It’s 8:30pm on a Tuesday night and it’s 32 degrees. My child has just gone to her dads and I have the urge to get in my car and drive, with the windows down, the one hour it takes to get to my favourite beach, and dive in. I want to go alone, to be with myself. I want to lay on the sand underneath the stars and breathe.
But when I get there it’s dark. There are a few people around, but I begin to question my decision. Is it safe to be here? In the water, I can barely catch my breath – that is how frightened I am. I can’t relax, enjoy the moment. In moments like this, where my fear takes over, I’m reminded of my past.
When I was young, the news played in my household religiously. My parents migrated to a foreign land from a tiny island where people slept with their doors open. Of course they were scared. But their cautions every time I left the house as a young adult still play in my mind: ta matia sou thekatesera – have fourteen eyes – when you are out, watch everything around you like you have fourteen eyes. I’ve carried this caution into my adulthood, but is it good for me? Is it stopping me from enjoying the moments that count?
Their cautions every time I left the house as a young adult still play in my mind: ta matia sou thekatesera.
Pubs were full of drunks and yobbos, not a place for a young woman to be at, so I didn’t go to pubs when I turned eighteen. Instead I went to clubs for dancing. I married young, again, out of fear that I had to find someone to look after me, to protect me from the world.
When my marriage ended some ten years later, it was like tearing apart not only from the culture that kept me tied down but from the fear attached to it. I even stopped being religious as this too fed my fear (you must believe in God and go by his rules or you’ll go to hell). Suddenly I was at pubs, at gigs on my own, catching the tram on my own at 1am, walking down my street at 2am.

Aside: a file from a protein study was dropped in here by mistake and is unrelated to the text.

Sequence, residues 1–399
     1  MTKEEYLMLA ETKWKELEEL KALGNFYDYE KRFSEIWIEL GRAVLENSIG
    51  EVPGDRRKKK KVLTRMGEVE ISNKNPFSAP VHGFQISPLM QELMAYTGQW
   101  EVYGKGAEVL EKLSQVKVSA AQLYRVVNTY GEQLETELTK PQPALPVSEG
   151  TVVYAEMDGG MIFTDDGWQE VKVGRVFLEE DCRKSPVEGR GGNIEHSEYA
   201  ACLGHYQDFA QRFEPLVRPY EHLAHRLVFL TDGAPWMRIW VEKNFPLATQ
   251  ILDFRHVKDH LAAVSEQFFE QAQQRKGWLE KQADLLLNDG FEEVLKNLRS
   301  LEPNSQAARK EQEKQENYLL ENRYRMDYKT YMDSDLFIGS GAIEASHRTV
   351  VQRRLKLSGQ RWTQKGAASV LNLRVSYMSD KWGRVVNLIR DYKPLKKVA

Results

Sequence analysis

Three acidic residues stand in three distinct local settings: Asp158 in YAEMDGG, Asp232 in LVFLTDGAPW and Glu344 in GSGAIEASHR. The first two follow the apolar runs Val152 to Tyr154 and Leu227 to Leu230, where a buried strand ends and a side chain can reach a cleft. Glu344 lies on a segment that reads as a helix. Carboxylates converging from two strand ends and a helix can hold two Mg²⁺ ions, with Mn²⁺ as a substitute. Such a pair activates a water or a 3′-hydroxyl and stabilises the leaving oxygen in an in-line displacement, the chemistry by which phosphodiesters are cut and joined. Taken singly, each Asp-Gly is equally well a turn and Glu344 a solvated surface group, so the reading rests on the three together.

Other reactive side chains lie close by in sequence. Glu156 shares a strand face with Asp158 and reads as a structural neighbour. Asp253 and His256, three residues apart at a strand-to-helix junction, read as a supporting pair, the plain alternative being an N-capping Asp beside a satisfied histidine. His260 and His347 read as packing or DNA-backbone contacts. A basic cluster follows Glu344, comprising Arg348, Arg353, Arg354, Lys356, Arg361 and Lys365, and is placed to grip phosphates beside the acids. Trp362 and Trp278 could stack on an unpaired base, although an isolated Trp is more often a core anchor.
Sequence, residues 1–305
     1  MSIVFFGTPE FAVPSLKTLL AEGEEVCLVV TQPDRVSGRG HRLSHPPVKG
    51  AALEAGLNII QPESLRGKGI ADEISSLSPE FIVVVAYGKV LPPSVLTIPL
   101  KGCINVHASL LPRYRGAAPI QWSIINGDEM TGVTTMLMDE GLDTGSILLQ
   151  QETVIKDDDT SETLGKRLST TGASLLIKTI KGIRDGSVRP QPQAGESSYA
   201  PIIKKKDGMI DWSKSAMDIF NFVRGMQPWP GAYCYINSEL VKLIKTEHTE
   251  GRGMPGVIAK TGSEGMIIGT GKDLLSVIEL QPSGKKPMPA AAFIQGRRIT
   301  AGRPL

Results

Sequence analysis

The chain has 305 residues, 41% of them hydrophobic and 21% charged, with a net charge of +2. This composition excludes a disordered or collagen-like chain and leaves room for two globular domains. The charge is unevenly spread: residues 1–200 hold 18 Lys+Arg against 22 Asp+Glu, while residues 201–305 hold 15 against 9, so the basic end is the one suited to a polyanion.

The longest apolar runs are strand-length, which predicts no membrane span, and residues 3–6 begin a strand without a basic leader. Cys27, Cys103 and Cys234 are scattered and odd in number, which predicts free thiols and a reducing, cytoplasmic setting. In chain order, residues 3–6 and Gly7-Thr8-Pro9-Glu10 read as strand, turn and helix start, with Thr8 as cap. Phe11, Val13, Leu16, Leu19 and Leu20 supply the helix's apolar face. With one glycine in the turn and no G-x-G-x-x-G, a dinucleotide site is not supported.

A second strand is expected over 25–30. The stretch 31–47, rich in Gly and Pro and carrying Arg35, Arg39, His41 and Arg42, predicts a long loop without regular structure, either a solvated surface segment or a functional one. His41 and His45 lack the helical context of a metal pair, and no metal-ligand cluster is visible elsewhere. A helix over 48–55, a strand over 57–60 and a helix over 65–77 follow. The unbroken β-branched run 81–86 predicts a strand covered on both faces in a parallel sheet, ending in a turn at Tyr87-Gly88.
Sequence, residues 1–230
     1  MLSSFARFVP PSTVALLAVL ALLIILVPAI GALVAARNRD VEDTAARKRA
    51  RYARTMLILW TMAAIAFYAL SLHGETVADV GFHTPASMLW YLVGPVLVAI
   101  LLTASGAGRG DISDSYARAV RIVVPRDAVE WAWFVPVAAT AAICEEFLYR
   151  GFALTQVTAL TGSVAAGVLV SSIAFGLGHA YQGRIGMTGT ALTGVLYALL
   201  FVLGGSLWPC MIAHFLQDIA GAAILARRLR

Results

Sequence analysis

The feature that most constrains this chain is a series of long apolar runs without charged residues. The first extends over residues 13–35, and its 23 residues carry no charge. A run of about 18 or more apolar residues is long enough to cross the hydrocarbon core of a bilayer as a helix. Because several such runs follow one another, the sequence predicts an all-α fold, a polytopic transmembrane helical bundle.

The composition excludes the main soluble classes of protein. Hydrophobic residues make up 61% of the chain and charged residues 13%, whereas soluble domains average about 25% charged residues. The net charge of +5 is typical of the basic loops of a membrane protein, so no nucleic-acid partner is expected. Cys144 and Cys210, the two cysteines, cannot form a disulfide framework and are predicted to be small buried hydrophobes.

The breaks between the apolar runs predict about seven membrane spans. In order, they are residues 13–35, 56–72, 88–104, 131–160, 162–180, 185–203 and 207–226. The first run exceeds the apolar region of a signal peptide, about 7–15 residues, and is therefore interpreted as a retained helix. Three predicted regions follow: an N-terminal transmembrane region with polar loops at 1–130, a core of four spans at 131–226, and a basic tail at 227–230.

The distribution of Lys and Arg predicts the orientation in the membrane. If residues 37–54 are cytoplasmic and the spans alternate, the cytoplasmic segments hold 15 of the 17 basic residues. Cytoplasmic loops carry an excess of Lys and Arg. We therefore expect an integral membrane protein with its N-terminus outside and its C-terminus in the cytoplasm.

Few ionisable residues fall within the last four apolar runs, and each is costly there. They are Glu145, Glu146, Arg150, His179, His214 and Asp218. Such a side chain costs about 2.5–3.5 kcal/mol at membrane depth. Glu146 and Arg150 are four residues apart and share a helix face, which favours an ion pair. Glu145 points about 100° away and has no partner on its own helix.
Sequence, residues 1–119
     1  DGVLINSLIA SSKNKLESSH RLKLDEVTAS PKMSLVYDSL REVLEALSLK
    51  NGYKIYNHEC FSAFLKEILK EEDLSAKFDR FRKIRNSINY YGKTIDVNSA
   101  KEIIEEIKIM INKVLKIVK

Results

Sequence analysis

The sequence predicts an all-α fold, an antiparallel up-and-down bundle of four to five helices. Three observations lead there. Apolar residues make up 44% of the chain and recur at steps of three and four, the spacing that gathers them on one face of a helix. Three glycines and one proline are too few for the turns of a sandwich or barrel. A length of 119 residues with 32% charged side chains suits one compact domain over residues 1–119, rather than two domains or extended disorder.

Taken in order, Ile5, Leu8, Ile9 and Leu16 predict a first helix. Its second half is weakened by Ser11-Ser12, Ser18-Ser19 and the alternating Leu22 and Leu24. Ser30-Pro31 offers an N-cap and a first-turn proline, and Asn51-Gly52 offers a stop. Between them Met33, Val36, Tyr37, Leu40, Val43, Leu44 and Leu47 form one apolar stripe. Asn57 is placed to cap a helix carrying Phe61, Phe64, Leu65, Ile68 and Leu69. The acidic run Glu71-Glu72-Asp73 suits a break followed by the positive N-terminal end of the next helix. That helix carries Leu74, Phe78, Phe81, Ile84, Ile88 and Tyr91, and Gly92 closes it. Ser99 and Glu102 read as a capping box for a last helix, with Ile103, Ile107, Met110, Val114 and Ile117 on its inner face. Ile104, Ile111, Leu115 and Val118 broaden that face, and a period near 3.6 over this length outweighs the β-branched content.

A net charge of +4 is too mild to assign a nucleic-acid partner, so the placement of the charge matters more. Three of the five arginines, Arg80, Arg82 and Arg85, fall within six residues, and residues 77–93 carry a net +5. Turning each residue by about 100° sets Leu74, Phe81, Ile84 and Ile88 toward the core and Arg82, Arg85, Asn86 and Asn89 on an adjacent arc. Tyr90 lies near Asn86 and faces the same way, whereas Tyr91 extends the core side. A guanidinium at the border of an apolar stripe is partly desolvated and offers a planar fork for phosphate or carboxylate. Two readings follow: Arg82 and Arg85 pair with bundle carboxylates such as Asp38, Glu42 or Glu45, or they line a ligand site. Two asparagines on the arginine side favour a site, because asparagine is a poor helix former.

But when Jill Meagher was raped and killed in 2012 not too far from where I live, suddenly I was zapped back to my past fear. I couldn’t walk down my street at night. No way. But I was heartbroken for my freedom that I struggled so hard to attain as a woman. Did I have to give it back? Surrender it because of this terrible crime?
Being the free-spirited woman I have always dreamed to be is everything to me. But how do I keep her while at the same time be vigilant? How do I balance the two? Is it safe to live your life fearless and free?
Being the free-spirited woman I have always dreamed to be is everything to me. But how do I keep her while at the same time be vigilant?
This question comes up every time I pick up my mobile phone. Constantly being connected to work and people can sometimes give me anxiety. I just want to go out without it and be free, without the unsettling feeling I could be interrupted. For example I like riding to the gym, without my phone. Is it safe? Am I stupid for going out without my phone? What if I fall off my bike? Or say I want to go out with my friends without my phone, so I can give them my full attention. But what if I get abducted on the way home? But am I trading my freedom for some anxiety in the odd chance that something might happen?
Or on hot nights, I have no air con, but I can’t sleep with my windows open because someone might crawl in. Am I being overcautious? It does happen. Or I’m out one night and I meet a guy that I really connect with and I want to go home with him. Is that safe? If I want to do it, why can’t I? As women, are we so chained to our fear we aren’t living? Where is the line? Should we live our lives fearless and free or just accept that we can’t?
For me, it’s a constant battle navigating this line. Lately, I am throwing more caution to the wind. I don’t know if that’s safe, but I’m happy to take my chances in exchange for being the free-spirited woman I want to be. But I won’t walk down my street at night anymore. I drive instead.
Koraly Dimitriadis is a freelance columnist, poet, makes film and theatre and is the author of Love and F**k Poems.
Image courtesy of Flickr/ Mitya Ku.